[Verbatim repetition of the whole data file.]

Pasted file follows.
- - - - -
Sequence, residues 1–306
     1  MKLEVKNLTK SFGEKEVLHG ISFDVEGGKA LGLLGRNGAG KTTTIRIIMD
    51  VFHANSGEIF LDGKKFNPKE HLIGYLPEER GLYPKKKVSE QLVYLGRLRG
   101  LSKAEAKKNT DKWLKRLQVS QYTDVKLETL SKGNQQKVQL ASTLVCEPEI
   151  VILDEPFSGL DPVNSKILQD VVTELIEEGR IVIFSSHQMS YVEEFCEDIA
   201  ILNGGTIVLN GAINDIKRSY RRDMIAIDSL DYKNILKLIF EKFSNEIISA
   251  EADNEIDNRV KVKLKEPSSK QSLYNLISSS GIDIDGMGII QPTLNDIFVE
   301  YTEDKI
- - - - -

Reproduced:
Sequence, residues 1–306
     1  MKLEVKNLTK SFGEKEVLHG ISFDVEGGKA LGLLGRNGAG KTTTIRIIMD
    51  VFHANSGEIF LDGKKFNPKE HLIGYLPEER GLYPKKKVSE QLVYLGRLRG
   101  LSKAEAKKNT DKWLKRLQVS QYTDVKLETL SKGNQQKVQL ASTLVCEPEI
   151  VILDEPFSGL DPVNSKILQD VVTELIEEGR IVIFSSHQMS YVEEFCEDIA
   201  ILNGGTIVLN GAINDIKRSY RRDMIAIDSL DYKNILKLIF EKFSNEIISA
   251  EADNEIDNRV KVKLKEPSSK QSLYNLISSS GIDIDGMGII QPTLNDIFVE
   301  YTEDKI